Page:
CELLARDYKE TORCHLIGHT PROCESSION. The unique fancy-dress torchlight procession held aid of the funds of the Cardinal Step Bathing Pond. Cellardyke, proved a great success, the sum of £14 being collected in the Anstruther and Cellardyke districts. To this gratifying result was added the proceeds of the carnival dance which followed. Over a hundred took part in the procession, which was accompanied on its tour by the Anstruther Boy Scout Pipe Band. Many original costumes were seen, and the spectacle illuminated in the dark by numerous blazing torches was weird in the extreme. The prize-winners were best dressed lady, Miss Muir, John Street; most original. Miss Cunningham, Crail; best dressed gent, Mr A. C. Bett; most original, Father Neptune; group prizes- Mrs Quiripel and Mrs Deas; Mrs Martin Gardner Mrs Hosie and Miss Anderson: special prize, Zulu (Leven). Over 200 couples attended the dance which was held later in Cellardyke Town Hall. Music was supplied by the Rialto Follies Lundin Links.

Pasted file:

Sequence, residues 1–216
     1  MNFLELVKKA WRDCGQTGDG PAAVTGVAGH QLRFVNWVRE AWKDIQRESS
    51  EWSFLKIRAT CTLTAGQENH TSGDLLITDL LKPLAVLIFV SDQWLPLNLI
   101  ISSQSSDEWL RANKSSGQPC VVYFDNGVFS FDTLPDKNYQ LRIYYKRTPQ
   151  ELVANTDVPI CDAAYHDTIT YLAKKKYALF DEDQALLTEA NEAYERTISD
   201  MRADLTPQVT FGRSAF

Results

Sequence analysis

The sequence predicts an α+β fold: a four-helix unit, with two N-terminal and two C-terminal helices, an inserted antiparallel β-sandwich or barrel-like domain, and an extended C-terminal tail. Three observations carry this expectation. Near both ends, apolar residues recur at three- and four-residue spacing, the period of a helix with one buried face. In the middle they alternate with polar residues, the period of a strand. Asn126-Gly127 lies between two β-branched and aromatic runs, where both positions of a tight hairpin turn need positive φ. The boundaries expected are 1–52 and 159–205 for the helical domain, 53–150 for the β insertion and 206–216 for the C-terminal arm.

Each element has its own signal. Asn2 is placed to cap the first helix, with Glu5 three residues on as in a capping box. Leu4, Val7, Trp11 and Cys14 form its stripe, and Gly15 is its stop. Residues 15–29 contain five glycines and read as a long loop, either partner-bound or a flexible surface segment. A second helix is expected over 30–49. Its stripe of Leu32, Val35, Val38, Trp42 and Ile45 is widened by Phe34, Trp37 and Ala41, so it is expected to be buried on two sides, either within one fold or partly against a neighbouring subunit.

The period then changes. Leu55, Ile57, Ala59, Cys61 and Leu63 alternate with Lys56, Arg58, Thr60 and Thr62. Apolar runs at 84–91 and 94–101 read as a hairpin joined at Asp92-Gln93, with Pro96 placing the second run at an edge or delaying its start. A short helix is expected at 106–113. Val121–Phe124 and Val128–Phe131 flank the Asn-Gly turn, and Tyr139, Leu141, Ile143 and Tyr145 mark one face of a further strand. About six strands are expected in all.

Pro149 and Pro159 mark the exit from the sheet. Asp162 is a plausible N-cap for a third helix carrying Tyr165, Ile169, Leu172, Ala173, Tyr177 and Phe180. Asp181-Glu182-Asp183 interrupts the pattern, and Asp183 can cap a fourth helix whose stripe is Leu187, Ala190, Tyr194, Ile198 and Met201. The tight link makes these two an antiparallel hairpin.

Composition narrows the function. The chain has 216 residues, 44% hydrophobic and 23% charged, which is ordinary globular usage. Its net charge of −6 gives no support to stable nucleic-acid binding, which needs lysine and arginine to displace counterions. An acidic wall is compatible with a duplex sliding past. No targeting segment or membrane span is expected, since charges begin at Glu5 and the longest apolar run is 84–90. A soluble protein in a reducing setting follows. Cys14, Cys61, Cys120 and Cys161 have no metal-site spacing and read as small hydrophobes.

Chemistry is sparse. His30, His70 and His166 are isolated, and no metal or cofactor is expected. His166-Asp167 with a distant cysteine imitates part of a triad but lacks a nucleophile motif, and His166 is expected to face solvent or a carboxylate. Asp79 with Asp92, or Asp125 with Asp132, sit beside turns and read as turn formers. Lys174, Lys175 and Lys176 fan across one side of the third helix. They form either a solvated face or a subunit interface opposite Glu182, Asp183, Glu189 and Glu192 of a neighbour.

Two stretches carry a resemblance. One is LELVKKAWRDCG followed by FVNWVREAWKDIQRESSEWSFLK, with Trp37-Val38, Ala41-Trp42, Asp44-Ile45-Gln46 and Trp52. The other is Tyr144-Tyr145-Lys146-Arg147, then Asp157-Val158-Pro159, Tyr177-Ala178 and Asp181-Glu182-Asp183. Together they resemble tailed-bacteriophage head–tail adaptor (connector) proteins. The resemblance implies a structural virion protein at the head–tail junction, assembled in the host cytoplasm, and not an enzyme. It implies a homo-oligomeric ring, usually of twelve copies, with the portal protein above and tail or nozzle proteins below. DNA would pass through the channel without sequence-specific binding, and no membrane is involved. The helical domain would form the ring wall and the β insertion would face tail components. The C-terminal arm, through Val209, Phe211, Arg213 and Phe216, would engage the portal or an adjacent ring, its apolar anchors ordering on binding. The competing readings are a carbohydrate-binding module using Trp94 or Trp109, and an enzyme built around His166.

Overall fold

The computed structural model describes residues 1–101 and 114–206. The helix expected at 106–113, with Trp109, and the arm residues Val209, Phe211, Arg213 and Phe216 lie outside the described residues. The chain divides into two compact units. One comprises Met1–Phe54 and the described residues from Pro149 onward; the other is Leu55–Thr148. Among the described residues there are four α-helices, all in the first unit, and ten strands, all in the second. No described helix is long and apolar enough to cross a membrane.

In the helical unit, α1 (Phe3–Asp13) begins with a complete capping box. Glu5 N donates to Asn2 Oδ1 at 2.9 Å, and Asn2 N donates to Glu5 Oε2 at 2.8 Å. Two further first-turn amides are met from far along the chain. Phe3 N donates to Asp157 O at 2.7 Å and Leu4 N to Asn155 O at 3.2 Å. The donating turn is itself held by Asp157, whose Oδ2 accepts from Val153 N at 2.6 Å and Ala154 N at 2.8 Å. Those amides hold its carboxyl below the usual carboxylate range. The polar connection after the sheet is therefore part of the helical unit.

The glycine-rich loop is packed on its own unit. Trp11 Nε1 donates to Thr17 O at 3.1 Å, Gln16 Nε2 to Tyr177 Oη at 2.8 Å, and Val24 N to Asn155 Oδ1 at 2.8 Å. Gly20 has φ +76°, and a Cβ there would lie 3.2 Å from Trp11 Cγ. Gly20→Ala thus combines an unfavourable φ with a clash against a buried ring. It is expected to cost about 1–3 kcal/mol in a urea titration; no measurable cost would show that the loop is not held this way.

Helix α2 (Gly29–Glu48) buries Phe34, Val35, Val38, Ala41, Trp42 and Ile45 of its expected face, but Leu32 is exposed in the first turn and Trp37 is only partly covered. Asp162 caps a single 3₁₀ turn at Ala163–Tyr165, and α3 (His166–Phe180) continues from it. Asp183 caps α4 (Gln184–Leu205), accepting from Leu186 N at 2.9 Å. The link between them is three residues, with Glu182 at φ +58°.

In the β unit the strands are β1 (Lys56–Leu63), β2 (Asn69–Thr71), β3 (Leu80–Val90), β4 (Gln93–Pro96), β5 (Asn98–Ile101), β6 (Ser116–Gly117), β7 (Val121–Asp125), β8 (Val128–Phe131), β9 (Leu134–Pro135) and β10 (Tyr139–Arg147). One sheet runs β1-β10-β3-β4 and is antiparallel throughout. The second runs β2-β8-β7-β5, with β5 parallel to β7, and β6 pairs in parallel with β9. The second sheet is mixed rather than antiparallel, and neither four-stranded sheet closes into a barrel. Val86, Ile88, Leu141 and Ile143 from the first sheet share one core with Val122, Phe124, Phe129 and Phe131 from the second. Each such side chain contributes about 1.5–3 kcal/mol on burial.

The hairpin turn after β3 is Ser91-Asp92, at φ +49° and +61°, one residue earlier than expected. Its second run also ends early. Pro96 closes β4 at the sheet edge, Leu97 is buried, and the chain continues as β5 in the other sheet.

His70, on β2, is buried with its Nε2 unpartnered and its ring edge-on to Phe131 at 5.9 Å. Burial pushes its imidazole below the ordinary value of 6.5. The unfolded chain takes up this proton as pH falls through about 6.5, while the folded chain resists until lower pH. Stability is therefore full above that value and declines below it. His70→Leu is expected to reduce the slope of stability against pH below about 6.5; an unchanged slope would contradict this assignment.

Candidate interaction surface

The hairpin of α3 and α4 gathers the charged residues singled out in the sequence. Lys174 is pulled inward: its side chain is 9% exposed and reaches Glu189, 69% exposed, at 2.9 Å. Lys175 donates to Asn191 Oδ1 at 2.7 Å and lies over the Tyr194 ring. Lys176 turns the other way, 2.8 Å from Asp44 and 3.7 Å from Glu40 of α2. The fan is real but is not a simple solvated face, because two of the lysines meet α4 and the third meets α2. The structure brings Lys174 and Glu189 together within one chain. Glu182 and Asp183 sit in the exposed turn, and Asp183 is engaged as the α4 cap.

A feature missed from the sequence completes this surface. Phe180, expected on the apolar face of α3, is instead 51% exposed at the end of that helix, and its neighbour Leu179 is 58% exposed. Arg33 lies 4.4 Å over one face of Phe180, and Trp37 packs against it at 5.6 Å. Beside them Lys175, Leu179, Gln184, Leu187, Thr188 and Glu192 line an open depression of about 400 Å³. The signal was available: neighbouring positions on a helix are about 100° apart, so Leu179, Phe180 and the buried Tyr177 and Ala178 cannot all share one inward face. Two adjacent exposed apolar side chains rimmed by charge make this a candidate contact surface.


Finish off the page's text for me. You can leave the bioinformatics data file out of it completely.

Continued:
CELLARDYKE GUILD CONCERT Under the auspices of the junior guild Cellardyke Church, a variety concert was given to a large audience in the church hall last night. The principal items on the programme were two sketches, in which the following acquitted themselves with credit: ” The Matrimonial Agent ” —Miss Martha Boyter, Mrs Hosie, Mr Melville Hodge, Miss Rena Smith, Mr Tom Wood, Mr David Jack, and Miss Aggie Boyter. ” Uncle Joseph “—Mr Tom Wood, Miss Aggie Boyter, Miss Annie Wallace, Miss Margaret Murray, Messrs Willie Muir and David Jack. Several choruses were given the choir, and solos were contributed by Mrs Doig, Miss Jessie Doig, Messrs W. Riddell, J. McLeod, and David Jack. Mrs Hosie and Mr McLeod sang duets, while a trio was rendered by Miss Rena Smith, Miss Mary Boyter, and Mr Melville Hodge. Dances were given by Miss Zandra Taylor, Miss Nessie Wallace, and Miss Elsie Wallace. A repeat performance is to be given tonight.